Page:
Today the lower part of the keep and the outer palas wall remain, as well as part of the Prince's House and the chapel, and one of the cellars. The location of the well is know but it's covered today.

The archive and scriptorium were neccesary because the dukes often held their courts of justice at the Heldenburg, negotiated contracts and other governmental acts. Interestingly, the castle also was the only mint outside a town in the duchy. Coinage was an important privilge; the coins from the Heldenburg had the inscription: monetanova salis Heldensis.

The dukes of Braunschweig-Grubenhagen had their family burial in the Chapter of St.Alexander in Einbeck, and members of the family held important positions there. Today only the church itself remains of the chapter; it's one of the largest Gothic stone churches in northern Germany. The second burial place was the church in Salzderhelden.

Great Hall, the outer wall that also served as curtain wall

Three of Heinrich Mirabilis' sons inherited the shared administration of the lands, but decided to split the territories (1324). The oldest, Heinrich, got the Eichsfeld which he pawned out to the archbishop of Mainz because he spent too much money traveling, and ended up in Greece for good (see above; maybe he liked the Greek wine better than the beer of Einbeck).

Ernst got the lands around Einbeck and Grubenhagen and took residence in the Heldenburg. But his younger brother died childless and Heinrich's offspring - if he had any; the sources are a bit garbled - never came to visit, so Ernst inherited the entire territory (minus the Eichsfeld) in 1351. He married Adelheid of Everstein, daughter of Count Heinrich II of Everstein (1335) and established one of several connections between the Welfen and the lords of Everstein-Polle, though the relationship with the Lüneburg line would be less amiable.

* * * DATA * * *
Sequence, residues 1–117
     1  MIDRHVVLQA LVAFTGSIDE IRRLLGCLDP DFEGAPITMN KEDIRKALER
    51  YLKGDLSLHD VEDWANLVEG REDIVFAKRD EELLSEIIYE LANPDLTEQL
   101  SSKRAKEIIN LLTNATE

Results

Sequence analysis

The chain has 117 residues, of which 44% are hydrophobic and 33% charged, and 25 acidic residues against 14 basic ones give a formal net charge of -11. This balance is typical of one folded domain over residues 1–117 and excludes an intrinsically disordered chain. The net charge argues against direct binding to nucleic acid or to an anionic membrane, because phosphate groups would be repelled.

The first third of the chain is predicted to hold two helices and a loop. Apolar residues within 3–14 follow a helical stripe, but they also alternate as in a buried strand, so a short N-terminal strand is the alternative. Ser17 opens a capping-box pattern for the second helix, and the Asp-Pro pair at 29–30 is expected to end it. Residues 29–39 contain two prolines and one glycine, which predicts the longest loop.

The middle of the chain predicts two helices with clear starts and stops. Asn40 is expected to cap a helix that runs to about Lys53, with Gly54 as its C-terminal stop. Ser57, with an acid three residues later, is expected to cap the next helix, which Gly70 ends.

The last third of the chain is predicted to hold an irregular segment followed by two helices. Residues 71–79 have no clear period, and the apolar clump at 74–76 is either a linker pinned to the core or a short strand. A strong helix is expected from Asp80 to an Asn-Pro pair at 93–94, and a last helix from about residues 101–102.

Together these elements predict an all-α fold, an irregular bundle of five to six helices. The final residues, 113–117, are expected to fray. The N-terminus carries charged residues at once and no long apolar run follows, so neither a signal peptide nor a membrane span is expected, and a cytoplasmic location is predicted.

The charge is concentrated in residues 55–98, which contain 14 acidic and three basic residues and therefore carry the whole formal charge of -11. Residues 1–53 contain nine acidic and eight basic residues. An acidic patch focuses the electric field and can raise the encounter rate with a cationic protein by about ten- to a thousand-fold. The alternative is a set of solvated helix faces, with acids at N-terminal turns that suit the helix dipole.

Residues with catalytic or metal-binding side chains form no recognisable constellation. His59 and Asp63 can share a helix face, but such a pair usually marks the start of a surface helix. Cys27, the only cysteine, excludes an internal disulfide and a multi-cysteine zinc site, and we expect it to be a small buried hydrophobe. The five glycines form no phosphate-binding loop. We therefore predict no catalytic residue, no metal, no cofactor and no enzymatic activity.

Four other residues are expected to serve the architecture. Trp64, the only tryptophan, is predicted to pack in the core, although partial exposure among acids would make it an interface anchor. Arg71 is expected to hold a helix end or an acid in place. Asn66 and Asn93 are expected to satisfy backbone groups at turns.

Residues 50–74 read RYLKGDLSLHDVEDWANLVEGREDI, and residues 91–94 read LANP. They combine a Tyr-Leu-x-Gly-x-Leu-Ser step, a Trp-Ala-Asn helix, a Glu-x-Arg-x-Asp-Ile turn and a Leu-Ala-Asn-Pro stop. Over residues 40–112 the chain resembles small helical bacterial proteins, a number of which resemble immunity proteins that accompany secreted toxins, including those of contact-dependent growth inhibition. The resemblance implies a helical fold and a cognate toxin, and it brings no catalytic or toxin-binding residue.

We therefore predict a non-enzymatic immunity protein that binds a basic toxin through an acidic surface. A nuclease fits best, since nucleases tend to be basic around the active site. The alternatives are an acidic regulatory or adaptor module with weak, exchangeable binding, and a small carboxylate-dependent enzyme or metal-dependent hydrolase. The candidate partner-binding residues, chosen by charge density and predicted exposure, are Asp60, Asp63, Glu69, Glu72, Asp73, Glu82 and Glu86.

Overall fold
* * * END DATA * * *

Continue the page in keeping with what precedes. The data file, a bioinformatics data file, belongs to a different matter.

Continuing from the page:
One of Ernst's sisters, Adelheid-Irene had married Andronikos III Palaiologos, future Emperor of Byzantium, in 1318, which may have triggered Heinrich's interest in Greece. But Irene died already in 1324 with no surviving child, which may have saved the Byzantine emperors from a few sons named Heinrich. *grin*

Ernst I of Braunschweig-Grubenhagen had several children. He died in 1361 and was succeeded by his son Albrecht I.

Princes House, inside view

Albrecht I of Braunschweig-Grubenhagen, already co-regent with his father Ernst, took over the duchy in 1361 and resided in the Heldenburg. His brother Friedrich got some lands near Osterode and Herzberg.

Albrecht was a partron of arts and science, but he also got involved in several feuds. One was with Otto Count of Waldeck who had married a daughter of the Lüneburg dukes of the Welfen line, and his son Heinrich claimed his mother's heritage - unsuccesfully in the end, so there may have been some family aspect to Albrecht's involvement. He was captured at the battle of Arnoldshausen in 1361 and had to abjure all vengeance (there is no translation for the German Urfehde schwören).